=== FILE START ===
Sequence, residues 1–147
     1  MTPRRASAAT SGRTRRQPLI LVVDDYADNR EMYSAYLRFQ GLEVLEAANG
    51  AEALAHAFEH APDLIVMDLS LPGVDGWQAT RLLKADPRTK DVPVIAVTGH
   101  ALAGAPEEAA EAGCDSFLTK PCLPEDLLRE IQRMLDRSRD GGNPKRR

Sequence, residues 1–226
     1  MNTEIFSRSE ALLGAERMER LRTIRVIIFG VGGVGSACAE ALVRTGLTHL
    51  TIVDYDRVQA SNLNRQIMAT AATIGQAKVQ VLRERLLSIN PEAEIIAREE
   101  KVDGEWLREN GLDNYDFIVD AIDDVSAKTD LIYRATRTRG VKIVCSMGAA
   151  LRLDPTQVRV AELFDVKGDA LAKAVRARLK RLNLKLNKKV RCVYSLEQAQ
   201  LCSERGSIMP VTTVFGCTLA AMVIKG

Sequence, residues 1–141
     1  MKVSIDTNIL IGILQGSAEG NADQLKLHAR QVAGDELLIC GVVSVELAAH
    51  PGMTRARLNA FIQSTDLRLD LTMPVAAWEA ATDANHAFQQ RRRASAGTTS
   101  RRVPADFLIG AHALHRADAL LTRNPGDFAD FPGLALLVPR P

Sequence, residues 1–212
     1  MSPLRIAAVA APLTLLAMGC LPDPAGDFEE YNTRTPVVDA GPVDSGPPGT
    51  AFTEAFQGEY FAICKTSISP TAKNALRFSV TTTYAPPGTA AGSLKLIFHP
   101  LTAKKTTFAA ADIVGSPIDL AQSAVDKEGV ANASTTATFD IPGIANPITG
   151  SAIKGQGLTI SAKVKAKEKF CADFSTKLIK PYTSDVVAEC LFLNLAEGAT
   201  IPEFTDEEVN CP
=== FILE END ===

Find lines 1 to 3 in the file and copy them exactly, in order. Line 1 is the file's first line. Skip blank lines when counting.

Sequence, residues 1–147
     1  MTPRRASAAT SGRTRRQPLI LVVDDYADNR EMYSAYLRFQ GLEVLEAANG
    51  AEALAHAFEH APDLIVMDLS LPGVDGWQAT RLLKADPRTK DVPVIAVTGH